Sunday, November 13, 2011

The Real Great Wall of China

Sorry that I haven't posted anything recently. I had three exams a week ago and as a result, this is a pretty good summary of my life recently:

Note that that is not even all of the Chinese language flashcards that I have. Additionally, after the exams, we gained two new textbooks so... inevitably I will have flashcards for all the hundreds of words in those as well...

So this past Saturday, I went on a hiking trip with Beijing Hikers.  Basically, they organize 3 or more excursions a week where you can go out and hike the mountains near Beijing for around 300块.  It's pretty nice considering that they provide transportation, water, guides, etc.  Also, because it's a western group, there tends to be a large number of English speakers, both among the guides and the other hikers.  Hiking around Beijing tends to involve the Great Wall in one way or another, so we ended up heading up to the Chinese Knot, which is just a specific location along the wall, by means of trail and unrestored wall.  INCIDENTALLY, you know how I mentioned before that when I went went up to the Great Wall with Hedrick, we opted for the unrestored part instead of the restored part in hopes that it would be less crowded and more authentic.  Well, as it turns out, there are varying levels of unrestored, and clearly, what Hedrick and I visited was the "crumbling-but-we'll-probably-fix-that-soon-so-it's-not-quite-falling-apart-yet" part of wall.

On the other hand, this is what actual unrestored wall looks like:

The trails through the wall were completely overgrown, and there were places where the wall itself was about to or had already in fact collapsed.  It made for a really fun and much more exciting hike, and I got some pretty good pictures.  Unfortunately, it is that part of Fall where a lot of the leaves have already fallen off and the rest are dead and brown, so the colors are not quite as spectacular as they could be... but just imagine how this would look earlier in the Fall or in the Spring.  In any case, it was still beautiful:

Oh and the weather was beyond perfect!  After many weeks of fog (read: the haze of pollution), I think it rained, which usually leads to a few days of sunshine.  So this Saturday was beautiful and sunny, and the temperature had to be around 55 degrees Fahrenheit(?)  Basically, as soon as we were actually hiking, it quickly reached a point where I was pulling off layer after layer.  This, of course, led to a strange pattern where anytime I was going uphill I would take off my jacket and scarf and everything, and anytime I was standing or going downhill, I would replace all the layers, and on occasion add a few more as the wind blew.  HOWEVER, overall, the weather could not have been better for mid-November in the mountains.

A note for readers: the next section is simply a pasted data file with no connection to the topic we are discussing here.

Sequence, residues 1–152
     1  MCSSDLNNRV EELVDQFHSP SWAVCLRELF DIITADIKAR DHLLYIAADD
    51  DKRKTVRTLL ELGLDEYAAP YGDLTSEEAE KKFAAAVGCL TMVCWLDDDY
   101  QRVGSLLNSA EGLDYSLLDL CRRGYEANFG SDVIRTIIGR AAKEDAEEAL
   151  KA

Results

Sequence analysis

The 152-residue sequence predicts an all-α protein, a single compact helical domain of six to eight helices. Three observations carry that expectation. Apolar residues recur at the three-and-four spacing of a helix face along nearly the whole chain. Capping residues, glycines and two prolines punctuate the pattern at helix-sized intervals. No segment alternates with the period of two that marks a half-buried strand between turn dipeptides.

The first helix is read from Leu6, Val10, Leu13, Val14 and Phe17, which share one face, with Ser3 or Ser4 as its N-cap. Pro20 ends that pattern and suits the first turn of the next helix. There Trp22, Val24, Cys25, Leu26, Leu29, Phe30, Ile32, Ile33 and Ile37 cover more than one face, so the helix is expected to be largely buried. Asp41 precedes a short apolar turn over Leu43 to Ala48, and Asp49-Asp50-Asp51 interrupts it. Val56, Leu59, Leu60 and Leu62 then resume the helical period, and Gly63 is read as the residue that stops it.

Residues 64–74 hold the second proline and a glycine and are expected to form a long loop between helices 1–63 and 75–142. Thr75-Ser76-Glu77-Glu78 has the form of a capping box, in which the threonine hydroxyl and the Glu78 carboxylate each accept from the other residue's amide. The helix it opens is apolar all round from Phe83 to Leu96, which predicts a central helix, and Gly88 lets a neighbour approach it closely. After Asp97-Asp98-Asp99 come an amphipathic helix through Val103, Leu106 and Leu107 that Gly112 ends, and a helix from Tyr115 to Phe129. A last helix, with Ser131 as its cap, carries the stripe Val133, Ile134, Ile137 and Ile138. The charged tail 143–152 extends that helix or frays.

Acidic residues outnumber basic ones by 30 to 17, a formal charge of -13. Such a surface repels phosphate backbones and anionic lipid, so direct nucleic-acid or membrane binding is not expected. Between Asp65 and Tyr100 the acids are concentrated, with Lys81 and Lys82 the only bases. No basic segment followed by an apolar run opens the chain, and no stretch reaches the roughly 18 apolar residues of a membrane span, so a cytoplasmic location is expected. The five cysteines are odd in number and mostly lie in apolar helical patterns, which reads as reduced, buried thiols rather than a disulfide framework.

After we had reached the Chinese Knot, we hiked down the side of the mountain to this sleepy little town in the middle of the valley where the group organized snacks and drinks as well as, you know, the bus home.

Now this was a pretty stereotypical rural village.  Tiny houses, dogs and chickens running around, etc.  One of the funnier things was that it wasn't too hard to figure out what the current major export of the village was:

I'm willing to put my money on corn.  >>  Anyhow, I'm doing this hike in two weeks so that should be a lot of fun.  :)

This coming week, my school organized a trip to see a traditional Chinese opera.  Now, I have heard that it is entirely unlistenable, but I imagine it will be an experience, and I'm super interested in the costumes personally.  In addition, last week, we had an event for rugby that involved a raffle, and I won something!  This is actually amazing because I never win anything... although I suppose there were 5 prizes and only about 30 to 40 people there... but still!  I won a cooking class at the Hutong, which incidentally is where the mens' team captain works.  I am very excited about it because they offer a lot of classes on various regional Chinese cuisine which would be awesome to learn a bit about.  I'll post more about that when I actually do it.

I'll be better at posting in the next couple of weeks, I swear!

hearts and stars,

1 comment:

  1. yay, this looks very cool - i'm so glad you found the beijing hikers group :)

    also, good luck with the opera... i watched a chinese movie once, a long time ago, and the one thing i remember from it is how... unlistenable the opera was. hope it's interesting though!!